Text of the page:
In my dry bean patch two different black beans showed up although I didn't plant any black seeds. Beans with long purple pods showed up in a patch of semi vining Pinto beans. Pole beans showed up in the bush beans and bush beans showed up in the pole beans. A large white bean with pinkish red streaks showed up in both bush and pole form but other than that look exactly the same.

Chad Meyer

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Re: Some Nice Beans
« Reply #19 on: 2021-08-09, 12:03:09 PM »
Last year I found an odd bean plant in the garden. I didnít keep perfect track of what I planted where, but I suspect it was among the beans I held back and so from a two year old packet, and not the previous yearís saved beans. Itís also possible that I just forgot what I planted where. 

The packet was rattlesnake beans from NS/S. This plant, however had pink and white flowers rather than the purple typical of rattlesnake. The pods are green with pink(!) streaking rather than purple, but otherwise like rattlesnake in flavor, texture, shape etc.  The beans when dry were slightly darker than the rattlesnake beans; youíd likely have a hard time noticing it if I hadnít separated out this plantís beans.  The growth habit of this plant was also odd: it grew very tall (probably 10-12í before it died; it grew into the neighborís lilacs), but it focused itís growth near the top.  The bottom leaves started dying back early but it kept on growing up making new leaves in a way quite atypical of the other ones around it.

I suspected they were some mystery hybrid, and once I got my senses about me and stopped eating them, I collected a handful of seeds to grow out this year hoping theyíre an F2 and would start segregating.  Much to my surprise all the pods look the same (pink on green), however the growth habit is different (4-6í plants so far this year, no dying back, vs 8-12í on the rattlesnakes). So, Iím not sure whether I have a hybrid on my hands or a mutation. It could be that the individual was already an F2 or later.  Iím attaching a picture of the pods next to typical rattlesnake pods; I could not find a flower out there today, but I could post a comparison once there is one.

Iím not sure if Iíve seen pink-streaks on a bean pod before, so Iím happy to encourage this trait.

Ferdzy

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Re: Some Nice Beans
« Reply #20 on: 2021-08-10, 12:34:05 PM »
Chad, it could be a mutation. Since it only seems to be colours that are different I'd say maybe even probably so.

I have to say with crosses, one of them has had obvious segregation of quite varied traits, but for a lot of them it's been more like, this plant has 4" beans, and that plant has 5" beans, or this plant has beans with strings and this one doesn't. So it could be a cross too, I guess.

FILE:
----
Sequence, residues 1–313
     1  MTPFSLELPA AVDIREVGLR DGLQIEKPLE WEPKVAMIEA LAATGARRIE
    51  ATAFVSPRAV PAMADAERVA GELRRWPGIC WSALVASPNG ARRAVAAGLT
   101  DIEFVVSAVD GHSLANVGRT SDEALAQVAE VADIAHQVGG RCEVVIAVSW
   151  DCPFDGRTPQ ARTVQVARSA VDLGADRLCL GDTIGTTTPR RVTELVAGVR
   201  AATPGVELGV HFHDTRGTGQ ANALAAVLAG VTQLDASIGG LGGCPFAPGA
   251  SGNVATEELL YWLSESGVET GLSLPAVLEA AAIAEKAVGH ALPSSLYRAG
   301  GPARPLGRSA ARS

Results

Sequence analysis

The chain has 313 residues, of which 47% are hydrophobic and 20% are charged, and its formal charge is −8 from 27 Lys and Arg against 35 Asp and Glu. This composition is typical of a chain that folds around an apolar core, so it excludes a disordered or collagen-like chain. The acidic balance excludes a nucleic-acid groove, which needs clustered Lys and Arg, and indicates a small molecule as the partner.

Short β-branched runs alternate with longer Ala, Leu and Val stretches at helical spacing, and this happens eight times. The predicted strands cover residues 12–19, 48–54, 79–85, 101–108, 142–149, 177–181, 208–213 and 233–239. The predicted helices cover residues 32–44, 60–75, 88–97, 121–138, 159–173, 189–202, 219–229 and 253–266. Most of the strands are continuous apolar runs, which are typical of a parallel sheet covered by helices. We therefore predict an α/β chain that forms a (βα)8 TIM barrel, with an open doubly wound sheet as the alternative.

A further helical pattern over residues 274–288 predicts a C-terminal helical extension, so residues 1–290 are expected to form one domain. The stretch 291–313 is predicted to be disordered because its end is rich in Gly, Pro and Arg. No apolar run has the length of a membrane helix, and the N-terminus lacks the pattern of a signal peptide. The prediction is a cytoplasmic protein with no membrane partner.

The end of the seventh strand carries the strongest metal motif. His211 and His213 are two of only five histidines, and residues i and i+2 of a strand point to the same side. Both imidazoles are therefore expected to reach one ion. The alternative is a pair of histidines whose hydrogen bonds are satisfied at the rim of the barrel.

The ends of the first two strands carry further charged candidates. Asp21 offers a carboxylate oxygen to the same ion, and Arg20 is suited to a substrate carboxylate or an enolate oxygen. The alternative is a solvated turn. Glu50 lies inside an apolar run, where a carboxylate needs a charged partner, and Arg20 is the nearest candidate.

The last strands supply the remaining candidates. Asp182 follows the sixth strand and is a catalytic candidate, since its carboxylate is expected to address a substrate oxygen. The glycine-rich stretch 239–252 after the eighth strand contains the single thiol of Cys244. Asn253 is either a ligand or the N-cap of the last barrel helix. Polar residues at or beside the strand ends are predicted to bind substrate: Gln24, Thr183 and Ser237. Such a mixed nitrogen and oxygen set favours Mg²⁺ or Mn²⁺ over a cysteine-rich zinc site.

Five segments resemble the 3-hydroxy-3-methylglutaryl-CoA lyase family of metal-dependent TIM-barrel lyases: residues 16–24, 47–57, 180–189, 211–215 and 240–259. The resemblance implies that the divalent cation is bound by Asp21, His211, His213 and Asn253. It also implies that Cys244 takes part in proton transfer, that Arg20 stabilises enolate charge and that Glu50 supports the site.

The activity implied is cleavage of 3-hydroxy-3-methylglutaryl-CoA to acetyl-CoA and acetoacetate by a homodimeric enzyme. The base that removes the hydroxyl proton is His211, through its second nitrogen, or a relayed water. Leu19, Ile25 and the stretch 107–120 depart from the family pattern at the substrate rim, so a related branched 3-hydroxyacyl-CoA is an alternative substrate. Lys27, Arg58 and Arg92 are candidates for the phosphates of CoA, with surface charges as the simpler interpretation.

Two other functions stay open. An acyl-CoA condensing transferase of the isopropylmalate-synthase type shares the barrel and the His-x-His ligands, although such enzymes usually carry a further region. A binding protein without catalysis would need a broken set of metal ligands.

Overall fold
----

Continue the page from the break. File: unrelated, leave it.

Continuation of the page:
reed

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Re: Some Nice Beans
« Reply #21 on: 2021-08-11, 07:13:45 AM »
I have to say with crosses, one of them has had obvious segregation of quite varied traits, but for a lot of them it's been more like, this plant has 4" beans, and that plant has 5" beans, or this plant has beans with strings and this one doesn't. So it could be a cross too, I guess.
I think crosses and segregations show up in ways not easily seen, maybe sometimes very subtle. Its easy of course to see if the seeds, flowers or pods are different color but what if the only difference is something like flavor, or a few days difference in maturity? I found a plant with "cut short" seeds this year in a patch where I did not plant such seeds. "Cut short" is where the beans are so crowded in the pod that the ends of the seeds are flat, in my garden it's usually seen in greasy beans. I've also found pods that are curved among beans that are generally very straight or wider and flatter among others that are more round.

I suspect that this always happened some but I used to grow primarily in segregated patches and mostly for use as  greens beans. Using them mostly as green beans eliminated most of the crosses before they ever had a chance to be found. When I started focusing more on growing to store as dry beans and purposely mixing up my plantings my beans soon got unruly and convoluted. I don't pay much attention at all any more, I've mostly given up on even trying to trace the origins of any oddity that shows up. except that if something unusual or unexpected shows up I make sure to save seeds.

One thing I do like to favor in selection is for vines that do climb but not hugely so, I prefer a 4 to 8 foot range rather than the 12 or 20 foot types I used to grow. I also like vines that have multiple stems rather than just a single central one. I'm finding though that vine type is one of those things that can vary, a lot, even if the pods and seeds still look the same.